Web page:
Thanks to both you and Elizabeth!

    ~Kathy

    1. It’s actually surprising how little backstory you can get away with in a series. Treat it with the same rule of thumb that you would backstory in a standalone story – don’t reveal it until it’s absolutely necessary for the reader to understand what’s going on. You’re not going to want to “tease” it like you would in a standalone book, but there’s no reason to share it until it becomes necessary.

  8. Excellent post, thanks for sharing! Back story is essential yet it’s one of the hardest things to manage successfully without slowing down the story’s pace. I’d like to note however that back story was easier to handle back in Dickens’ days, when people had more time to read and were more patient with long expository narratives! In our time of snappy, fast videos and online news, we’ve lost that quality of patience and willingness to take the time to enjoy digging into the psychological depth of a novel’s characters…We want instant result, fast-paced stories and page-turners, all things that make bringing that famous back story all the more difficult!

    1. It’s true. Storytelling has evolved into a much leaner machine than it was in ye olde days. I’m reading Les Miserables right now – one of the 25 longest novels ever written. Think any of us would get away with that today?

  9. Wonderfully timed post, thank you.

    I think I managed backstory pretty well in my first three books but have currently been struggling a bit in my WIP. This is a series building up to a climatic finish in Book 6, with tempting and hopefully not so obvious clues planted here and there in the first 3 novels. The WIP, Book 4, introduces one of the most important characters in the entire series and this is where the pieces of the puzzle start to come together. Trying to do backstory without it being a massive info dump is quite challenging.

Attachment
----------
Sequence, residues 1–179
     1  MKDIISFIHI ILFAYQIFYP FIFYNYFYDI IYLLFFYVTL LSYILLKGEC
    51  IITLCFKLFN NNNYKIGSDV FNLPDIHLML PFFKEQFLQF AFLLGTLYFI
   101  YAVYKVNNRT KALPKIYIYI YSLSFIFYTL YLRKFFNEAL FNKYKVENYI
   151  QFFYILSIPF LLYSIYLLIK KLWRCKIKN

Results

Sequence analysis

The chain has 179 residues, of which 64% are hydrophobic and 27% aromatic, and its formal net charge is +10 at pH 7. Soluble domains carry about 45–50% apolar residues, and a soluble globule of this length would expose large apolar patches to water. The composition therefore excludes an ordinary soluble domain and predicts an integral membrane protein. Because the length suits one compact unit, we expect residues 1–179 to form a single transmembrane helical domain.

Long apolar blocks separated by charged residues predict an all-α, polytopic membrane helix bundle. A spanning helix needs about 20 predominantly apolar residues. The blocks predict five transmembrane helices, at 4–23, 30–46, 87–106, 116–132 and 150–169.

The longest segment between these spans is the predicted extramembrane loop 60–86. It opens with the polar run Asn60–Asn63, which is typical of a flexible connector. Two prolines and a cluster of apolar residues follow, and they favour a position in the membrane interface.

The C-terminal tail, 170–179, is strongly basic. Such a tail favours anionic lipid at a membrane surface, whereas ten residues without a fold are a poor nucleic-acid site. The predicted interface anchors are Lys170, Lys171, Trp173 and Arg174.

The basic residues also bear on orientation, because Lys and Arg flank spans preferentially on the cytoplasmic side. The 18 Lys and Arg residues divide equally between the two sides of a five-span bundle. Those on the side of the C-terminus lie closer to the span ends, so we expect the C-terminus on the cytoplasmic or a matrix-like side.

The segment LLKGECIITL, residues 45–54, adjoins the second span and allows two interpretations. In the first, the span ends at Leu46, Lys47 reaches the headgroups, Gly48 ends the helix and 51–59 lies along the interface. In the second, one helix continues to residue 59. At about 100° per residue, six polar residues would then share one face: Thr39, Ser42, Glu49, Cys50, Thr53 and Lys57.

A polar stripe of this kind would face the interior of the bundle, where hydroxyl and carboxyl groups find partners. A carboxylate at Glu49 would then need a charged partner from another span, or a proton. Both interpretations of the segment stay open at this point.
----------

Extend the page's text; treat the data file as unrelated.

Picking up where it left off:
AD

    1. One of my all-time favorite examples of how to do backstory well is Ernest Hemingway’s short story “The Short and Happy Life of Francis Macomber.” Granted, it’s a short story, so it has significantly less backstory to deal with. But it’s a brilliant example of how to introduce the backstory at just the right time and in just the right amount to buoy the story instead of dragging it down.

  10. Love backstory. I spend my preparation time creating a complicated back story along with complex characters and a solid setting. That’s my planning. I give my characters an inciting incident arising from the back story and set them loose on stage to solve, uncover, discover the backstory. I do not plot the book part of this story. I have key points that must happen but allow the characters and the events and results to drive the story. For me it’s a balance beween needing to plan and desiring to write creatively and freely. The results so far (book 1 and 2 in the Caleb Cove Mysteries) are receiving positive feed back from my readers. From the writer’s point of view – I am having fun.

    1. That’s very much my approach to. The character’s arc – and therefore the propulsion of the main plot – is always buried in the happenings of the backstory.

  11. Emerging from a deep writing binge to discover this post a few days late–but I’m so glad I read it because it explains what the heck I’ve been trying to do with backstory in my own writing–and it ties in with Elizabeth’s previous post on motivation (which I’ve also read just now).

    To add my two cents’ worth to the discussion, backstory remains relevant as long as it is tied to motivation, for both the antagonist and the protagonist. When that happens, a whole multidimensional world evolves, with a minimum of padding.

    And thanks for the reminder to have something juicy in the backstory–I have a strong tendency to be a pedantic fuddy duddy, and must remind myself that most readers’ boredom thresholds are much lower than mine!

    1. This is a super-important point. If the backstory *doesn’t* influence or explain the character’s motivation, then it’s probably too extraneous to the main plot to even deserve a mention.

  12. This was an interesting article. I’m looking forward to holding my novels up to its “light”. I highly recommend the Disney animated series “Phineas and Ferb” for a wonderously humorous portrayal of the backstory and other elements of creative writing. As the series progresses, the backstory becomes so important to one of the characters, that it takes on the role of a recurring character itself. It is brilliantly done with one backstory often requiring the telling of or reference to backstories to the backstory. Sometimes the backstory is told with multimedia or song and dance. It really is worth seeing.